Henry Moseley and the Atomic Numbers

Henry Moseley (1887-1915)

Henry Moseley (1887-1915)

On August 10, 1915, English physicist, Henry Moseley was killed in action. Moseley‘s contribution to the science of physics was the justification from physical laws of the previous empirical and chemical concept of the atomic number. This stemmed from his development of Moseley’s law in X-ray spectra.

“We have now got what seems to be definite proof that an X ray which spreads out in a spherical form from a source as a wave through the aether can when it meets an atom collect up all its energy from all round and concentrate it on the atom. It is as if when a circular wave on water met an obstacle, the wave were all suddenly to travel round the circle and disappear all round and concentrate its energy on attacking the obstacle. Mechanically of course this is absurd, but mechanics have in this direction been for some time a broken reed.”
— Henry Moseley, Letter to Margery Moseley (2 Feb 1913).

The Periodic Table of Elements

For sure you do remember that poster from your classroom with all the chemical elements ordered in the so-called periodic table. But, certainly only a few of you will have heard about Henry Moseley and his concept of the atomic numbers. In chemistry and physics, the existence of a periodic table creates an ordering for the elements, and was first proposed by Russian chemist and inventor Dimitri Mendeleev.[6] The atomic number (also known as the proton number) is the number of protons found in the nucleus of an atom and therefore identical to the charge number of the nucleus. The atomic number uniquely identifies a chemical element. This discovery is thanked to the British physicist Henry Moseley, who justified this empirical and chemical concept of the atomic number also from physical laws. Henry Moseley discovered that the wavelength (energy) of an X-ray depended upon the nuclear charge of an atom.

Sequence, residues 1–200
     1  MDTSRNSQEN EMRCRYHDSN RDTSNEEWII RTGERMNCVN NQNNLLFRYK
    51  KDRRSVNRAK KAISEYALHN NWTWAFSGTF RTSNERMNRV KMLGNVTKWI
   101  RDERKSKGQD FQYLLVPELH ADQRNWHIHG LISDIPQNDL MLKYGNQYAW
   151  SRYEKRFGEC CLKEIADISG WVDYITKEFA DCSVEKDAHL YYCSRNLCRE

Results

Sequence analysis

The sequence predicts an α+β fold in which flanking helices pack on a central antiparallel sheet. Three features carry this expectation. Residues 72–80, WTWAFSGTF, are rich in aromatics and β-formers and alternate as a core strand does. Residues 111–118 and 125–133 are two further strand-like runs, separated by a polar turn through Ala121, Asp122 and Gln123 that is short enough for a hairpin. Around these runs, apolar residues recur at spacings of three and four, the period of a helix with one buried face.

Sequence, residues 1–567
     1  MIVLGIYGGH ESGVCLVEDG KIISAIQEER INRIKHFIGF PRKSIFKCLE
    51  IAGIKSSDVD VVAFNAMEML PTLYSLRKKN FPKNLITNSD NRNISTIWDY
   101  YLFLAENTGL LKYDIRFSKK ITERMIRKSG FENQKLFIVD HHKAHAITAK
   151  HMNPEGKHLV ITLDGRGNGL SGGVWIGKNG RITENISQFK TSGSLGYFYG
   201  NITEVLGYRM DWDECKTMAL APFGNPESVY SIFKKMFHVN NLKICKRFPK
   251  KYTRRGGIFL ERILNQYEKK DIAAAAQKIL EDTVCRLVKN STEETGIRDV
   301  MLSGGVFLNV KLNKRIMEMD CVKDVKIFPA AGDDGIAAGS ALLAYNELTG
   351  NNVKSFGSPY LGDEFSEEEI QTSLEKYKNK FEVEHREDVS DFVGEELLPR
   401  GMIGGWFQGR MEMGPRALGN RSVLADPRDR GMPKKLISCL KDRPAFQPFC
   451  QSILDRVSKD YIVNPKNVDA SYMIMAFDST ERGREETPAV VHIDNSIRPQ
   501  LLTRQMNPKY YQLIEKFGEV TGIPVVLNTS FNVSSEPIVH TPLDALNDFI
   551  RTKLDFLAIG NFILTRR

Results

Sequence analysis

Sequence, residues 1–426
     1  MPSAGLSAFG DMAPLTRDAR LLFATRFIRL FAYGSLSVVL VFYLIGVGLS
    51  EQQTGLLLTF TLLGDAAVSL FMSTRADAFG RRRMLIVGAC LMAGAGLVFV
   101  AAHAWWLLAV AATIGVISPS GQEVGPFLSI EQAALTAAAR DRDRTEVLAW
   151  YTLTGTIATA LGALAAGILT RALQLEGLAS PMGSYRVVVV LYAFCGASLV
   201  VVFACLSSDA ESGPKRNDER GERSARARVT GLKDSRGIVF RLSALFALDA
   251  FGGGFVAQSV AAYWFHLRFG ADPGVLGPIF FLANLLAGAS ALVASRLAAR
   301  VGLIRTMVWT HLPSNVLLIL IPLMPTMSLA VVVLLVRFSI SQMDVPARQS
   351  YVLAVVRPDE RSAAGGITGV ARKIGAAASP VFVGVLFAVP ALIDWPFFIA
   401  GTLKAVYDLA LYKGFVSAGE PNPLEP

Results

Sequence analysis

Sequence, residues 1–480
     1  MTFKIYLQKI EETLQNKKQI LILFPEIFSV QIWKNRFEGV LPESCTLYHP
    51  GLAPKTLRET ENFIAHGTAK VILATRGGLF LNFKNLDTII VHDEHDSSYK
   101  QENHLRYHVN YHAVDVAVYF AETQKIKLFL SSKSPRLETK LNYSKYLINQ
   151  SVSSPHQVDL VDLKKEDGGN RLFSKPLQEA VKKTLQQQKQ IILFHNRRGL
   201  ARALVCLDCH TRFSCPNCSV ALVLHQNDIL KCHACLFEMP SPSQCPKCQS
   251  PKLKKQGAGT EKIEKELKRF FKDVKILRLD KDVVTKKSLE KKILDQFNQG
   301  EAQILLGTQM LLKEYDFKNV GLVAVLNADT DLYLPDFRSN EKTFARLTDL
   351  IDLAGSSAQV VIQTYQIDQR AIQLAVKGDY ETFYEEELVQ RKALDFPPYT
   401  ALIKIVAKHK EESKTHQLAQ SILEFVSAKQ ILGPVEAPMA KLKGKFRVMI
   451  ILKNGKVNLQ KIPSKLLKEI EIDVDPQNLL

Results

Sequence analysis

Henry Moseley – Youth and Education

Henry Moseley was born in Weymouth in Dorset in 1887. His father Henry Nottidge Moseley (1844–91), who died when Henry Moseley was quite young, was a biologist and also a professor of anatomy and physiology at the University of Oxford, who had been a member of the Challenger ExpeditionIn 1906 Henry Moseley entered Trinity College at Oxford University. After graduating, he worked at the University of Manchester with Ernest Rutherford. In his first years there he was mainly occupied with teaching, after a few years he was released from his teaching duties and began to devote himself entirely to research.

Moseley’s Law

In 1913, almost fifty years after Mendeleev has proposed his periodic table of chemical elements, Henry Moseley at the University of Manchester observed and measured the X-ray spectra of 10 elements that occupied consecutive places in the periodic table. These spectra were found by the method of diffraction of X-rays through crystals. Moseley discovered a systematic mathematical relationship between the wavelengths of the X-rays produced in the diffraction process by the targeted elements and their atomic numbers. He concluded that there was